Children come to us with a range of problems that may have come about for many reasons, including poor personal decisions and traumatic situations of abuse. Each child addresses his/her issues with guidance counselors and house parent staff by establishing individual goals. These goals speak of the methods to deal with anger, relief of bitterness, overcoming potential addiction, understanding love, moving from the past- to the present-for the future and finding areas of potential for further growth.
Building self-esteem is a primary goal to overcoming peer pressure and other past behaviors that lead to poor decisions. Counselors conduct group sessions to discuss the importance of working together and for each other with house parents and children.
What is accomplished through counseling?
Counseling offers children the opportunity to develop their voice. They are provided a safe environment to work through the difficult topics which led them to their current path of decision-making. MSCH counselors develop rapport with the children and work towards developing specific treatment plans pertinent to the individual child. Children are encouraged to develop core honesty, which will help guide their exploration of root issues. MSCH Counselors utilize a variety of therapeutic techniques within the therapeutic setting.
Does MSCH offer family Counseling?
Family counseling is an essential aspect of the child’s program MSCH counselors communicate constantly with each child’s parent/guardian. The parents/guardians assume a major role, as they invest in their child’s treatment. MSCH counselors integrate family counseling into the therapeutic program when deemed timely and appropriate.
Do the children participate in groups?
Children participate in a variety of groups, based on the current climate of the placed children and the issues currently facing them. Children participate in fitness and horticulture groups. Children participate in groups which encourage teamwork, manners, creativity, service, and stewardship.
Are children allowed to go on visits?
The counselors work closely with each child, his or her house parents, and parents/guardians in determining the appropriateness of day visits or weekend passes. The parents/guardians are encouraged to support the counselor’s recommendation regarding visitation.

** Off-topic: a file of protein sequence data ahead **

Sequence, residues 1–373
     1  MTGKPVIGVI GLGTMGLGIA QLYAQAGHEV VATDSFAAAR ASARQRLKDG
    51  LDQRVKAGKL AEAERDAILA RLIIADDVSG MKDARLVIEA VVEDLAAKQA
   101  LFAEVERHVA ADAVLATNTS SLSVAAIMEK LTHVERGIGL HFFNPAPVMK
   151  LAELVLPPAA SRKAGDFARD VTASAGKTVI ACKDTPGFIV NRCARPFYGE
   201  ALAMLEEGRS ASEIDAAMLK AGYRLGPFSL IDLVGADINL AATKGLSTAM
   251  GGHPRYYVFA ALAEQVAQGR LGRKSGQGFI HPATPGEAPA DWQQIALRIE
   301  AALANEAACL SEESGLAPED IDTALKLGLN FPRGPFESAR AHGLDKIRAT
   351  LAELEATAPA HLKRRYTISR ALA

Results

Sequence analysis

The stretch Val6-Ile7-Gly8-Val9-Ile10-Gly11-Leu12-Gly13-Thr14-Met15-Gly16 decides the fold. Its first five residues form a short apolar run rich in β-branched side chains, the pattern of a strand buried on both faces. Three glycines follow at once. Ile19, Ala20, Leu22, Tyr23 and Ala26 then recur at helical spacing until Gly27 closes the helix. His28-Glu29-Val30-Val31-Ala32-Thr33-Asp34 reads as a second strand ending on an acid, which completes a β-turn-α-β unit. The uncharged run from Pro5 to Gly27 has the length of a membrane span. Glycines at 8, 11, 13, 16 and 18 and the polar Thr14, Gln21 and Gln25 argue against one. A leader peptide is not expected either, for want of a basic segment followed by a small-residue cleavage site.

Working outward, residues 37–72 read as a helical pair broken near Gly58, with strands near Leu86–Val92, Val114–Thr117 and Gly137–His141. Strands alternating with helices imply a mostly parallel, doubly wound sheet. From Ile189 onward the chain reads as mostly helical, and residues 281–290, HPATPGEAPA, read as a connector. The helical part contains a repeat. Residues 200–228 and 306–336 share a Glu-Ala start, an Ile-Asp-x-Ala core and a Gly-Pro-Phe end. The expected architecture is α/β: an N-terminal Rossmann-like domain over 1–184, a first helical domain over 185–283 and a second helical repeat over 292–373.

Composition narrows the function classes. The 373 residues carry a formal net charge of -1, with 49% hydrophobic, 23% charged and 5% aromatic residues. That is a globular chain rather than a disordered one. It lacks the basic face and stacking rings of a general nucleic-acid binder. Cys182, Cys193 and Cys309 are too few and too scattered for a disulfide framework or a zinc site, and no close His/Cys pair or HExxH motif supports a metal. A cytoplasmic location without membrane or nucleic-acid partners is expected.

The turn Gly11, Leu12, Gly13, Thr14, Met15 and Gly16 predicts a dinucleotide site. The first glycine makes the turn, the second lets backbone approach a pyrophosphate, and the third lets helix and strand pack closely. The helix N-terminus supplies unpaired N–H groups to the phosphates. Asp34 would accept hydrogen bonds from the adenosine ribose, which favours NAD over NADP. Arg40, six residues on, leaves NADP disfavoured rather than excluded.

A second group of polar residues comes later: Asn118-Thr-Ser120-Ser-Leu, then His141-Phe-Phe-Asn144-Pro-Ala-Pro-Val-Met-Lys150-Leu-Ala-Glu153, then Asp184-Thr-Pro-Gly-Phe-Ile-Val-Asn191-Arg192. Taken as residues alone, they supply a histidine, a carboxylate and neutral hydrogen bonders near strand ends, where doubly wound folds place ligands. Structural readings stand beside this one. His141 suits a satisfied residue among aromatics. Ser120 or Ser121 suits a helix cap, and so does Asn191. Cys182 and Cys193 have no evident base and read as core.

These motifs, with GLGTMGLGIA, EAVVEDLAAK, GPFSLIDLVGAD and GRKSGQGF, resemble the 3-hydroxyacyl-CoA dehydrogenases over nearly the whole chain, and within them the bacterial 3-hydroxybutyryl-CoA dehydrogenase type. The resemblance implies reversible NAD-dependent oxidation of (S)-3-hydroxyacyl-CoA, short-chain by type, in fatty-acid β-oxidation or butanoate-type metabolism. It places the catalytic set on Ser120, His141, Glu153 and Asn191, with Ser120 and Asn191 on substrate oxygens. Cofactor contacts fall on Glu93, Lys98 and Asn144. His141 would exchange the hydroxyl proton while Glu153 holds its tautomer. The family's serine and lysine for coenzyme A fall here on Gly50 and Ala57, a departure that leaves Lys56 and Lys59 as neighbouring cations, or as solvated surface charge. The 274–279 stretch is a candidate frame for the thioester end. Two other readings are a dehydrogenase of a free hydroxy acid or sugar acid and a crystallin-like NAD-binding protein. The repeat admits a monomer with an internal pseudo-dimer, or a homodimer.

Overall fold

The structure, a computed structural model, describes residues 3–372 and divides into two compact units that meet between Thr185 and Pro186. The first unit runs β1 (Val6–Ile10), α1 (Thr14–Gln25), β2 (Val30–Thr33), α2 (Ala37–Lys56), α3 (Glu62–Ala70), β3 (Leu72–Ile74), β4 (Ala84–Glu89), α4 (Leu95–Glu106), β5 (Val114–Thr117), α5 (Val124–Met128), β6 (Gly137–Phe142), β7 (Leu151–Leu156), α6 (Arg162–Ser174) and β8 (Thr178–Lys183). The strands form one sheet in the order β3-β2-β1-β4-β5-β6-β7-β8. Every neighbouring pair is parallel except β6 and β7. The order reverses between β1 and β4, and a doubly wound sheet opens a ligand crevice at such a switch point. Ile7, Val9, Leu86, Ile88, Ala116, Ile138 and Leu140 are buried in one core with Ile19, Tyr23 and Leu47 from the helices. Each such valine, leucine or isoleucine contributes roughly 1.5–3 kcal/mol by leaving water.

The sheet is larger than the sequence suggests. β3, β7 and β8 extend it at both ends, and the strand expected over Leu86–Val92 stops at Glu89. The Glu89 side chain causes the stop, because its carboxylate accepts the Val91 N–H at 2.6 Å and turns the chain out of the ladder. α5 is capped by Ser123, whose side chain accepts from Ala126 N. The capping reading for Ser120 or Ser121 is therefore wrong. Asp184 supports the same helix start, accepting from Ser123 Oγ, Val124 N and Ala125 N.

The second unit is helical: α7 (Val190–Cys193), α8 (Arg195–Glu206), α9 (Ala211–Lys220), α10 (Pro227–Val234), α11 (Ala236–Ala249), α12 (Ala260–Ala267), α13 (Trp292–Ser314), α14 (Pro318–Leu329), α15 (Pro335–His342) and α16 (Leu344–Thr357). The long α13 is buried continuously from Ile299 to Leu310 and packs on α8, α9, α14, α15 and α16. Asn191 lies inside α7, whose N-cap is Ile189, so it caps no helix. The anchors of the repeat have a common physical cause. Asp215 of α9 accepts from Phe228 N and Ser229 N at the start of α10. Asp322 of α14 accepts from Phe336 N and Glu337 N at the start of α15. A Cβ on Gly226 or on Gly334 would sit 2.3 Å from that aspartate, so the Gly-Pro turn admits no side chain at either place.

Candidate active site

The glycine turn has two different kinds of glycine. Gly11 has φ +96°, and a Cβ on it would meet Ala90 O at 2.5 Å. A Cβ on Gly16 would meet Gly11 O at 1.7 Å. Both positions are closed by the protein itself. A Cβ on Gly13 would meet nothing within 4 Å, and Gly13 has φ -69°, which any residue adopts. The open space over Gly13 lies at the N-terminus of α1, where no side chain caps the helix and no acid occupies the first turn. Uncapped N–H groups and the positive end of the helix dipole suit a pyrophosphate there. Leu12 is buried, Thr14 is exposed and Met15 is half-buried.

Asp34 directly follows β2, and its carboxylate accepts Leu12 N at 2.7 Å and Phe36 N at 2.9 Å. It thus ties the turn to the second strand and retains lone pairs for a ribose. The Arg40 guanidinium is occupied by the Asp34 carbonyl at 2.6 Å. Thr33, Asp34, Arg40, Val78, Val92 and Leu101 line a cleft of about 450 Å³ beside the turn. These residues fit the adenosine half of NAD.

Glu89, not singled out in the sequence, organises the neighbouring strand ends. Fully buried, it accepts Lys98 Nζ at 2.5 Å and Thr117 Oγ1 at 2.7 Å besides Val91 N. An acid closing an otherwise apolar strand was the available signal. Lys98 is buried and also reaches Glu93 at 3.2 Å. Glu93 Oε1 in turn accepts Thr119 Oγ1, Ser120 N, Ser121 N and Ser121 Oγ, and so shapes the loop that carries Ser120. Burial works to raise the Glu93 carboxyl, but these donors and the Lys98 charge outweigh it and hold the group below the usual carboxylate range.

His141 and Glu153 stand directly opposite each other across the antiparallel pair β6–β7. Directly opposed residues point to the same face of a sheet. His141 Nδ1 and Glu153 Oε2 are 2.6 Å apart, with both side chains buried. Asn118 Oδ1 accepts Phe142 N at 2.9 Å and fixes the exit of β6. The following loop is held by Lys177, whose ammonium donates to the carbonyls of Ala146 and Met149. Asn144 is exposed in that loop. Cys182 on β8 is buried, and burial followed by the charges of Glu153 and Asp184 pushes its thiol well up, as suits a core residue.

Where do the children go to school?
MSCH staff work collectively to determine appropriate school enrollment for each child. Children will be recommended for public school or the MSCH Transitional School based on academic performance, behavioral issues, and trust.
What Does It Look Like?
Children meet weekly for individual counseling. Specific treatment goals are developed based on identified problematic areas. The children work on these goals throughout their placement in counseling, and through the behavior management program in the cottages. Christian principles are utilized with a therapeutic approach addressing anger, grief, guilt, defiance, the pain and hurt of rejection, peer pressure, loss of direction, and other confusion from major emotional trauma,
Children participate in group sessions with the other placed children. They have the opportunity to learn communication skills and how to build trust in relationships. The children learn the value of teamwork within a family setting, and how to conquer peer pressure. Groups are developed from topics pertinent to the current climate affecting the group of kids in placement. The children participate in therapeutic fitness and horticulture groups. The children are encouraged to take an active role in their therapy.
Mountain States Children’s Home believes in the development of the family system. Families are encouraged to participate in their child`s therapeutic program with the guidance of the counseling staff. Family therapy facilitates change to reunify families.
ln some instances, children will work towards finding closure, as reunification with family is not a possibility. Family therapy is an important aspect of the treatment process. Children will have the opportunity to move on to success with their families, or into independence.